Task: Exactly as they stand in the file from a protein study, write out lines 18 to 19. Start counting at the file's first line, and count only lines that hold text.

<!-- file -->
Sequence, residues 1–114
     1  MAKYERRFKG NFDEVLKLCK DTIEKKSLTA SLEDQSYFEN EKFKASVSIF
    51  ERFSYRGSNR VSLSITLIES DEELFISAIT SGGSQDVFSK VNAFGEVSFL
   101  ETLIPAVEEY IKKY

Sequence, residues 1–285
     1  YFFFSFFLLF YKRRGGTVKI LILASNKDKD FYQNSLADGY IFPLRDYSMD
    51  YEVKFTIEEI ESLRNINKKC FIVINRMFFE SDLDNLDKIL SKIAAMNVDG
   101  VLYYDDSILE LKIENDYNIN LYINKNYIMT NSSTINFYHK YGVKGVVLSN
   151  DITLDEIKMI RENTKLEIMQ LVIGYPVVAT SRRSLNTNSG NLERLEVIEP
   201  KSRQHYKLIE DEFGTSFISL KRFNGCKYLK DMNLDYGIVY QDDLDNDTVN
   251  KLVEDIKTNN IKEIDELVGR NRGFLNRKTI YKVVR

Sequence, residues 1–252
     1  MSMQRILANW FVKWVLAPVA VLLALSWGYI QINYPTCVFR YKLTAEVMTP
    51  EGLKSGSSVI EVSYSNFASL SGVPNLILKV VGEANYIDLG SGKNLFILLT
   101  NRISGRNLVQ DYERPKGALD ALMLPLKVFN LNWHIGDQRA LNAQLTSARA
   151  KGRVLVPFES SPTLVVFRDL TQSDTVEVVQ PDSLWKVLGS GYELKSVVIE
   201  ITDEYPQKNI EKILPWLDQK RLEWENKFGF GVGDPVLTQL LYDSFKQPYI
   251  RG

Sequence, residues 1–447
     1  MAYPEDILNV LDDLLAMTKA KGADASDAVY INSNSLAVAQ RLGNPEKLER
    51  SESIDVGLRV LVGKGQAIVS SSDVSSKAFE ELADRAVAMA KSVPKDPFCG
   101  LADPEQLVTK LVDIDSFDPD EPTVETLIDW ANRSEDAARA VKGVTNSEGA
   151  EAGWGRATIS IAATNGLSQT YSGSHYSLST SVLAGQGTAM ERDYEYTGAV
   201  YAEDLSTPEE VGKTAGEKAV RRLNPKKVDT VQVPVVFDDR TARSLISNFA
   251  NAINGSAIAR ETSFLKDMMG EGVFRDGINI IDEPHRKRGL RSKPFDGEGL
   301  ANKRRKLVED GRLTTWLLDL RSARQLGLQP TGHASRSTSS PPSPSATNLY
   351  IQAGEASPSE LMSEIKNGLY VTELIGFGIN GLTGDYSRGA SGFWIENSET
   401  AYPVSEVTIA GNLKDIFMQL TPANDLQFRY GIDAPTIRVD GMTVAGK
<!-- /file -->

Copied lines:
   251  RG

Sequence, residues 1–447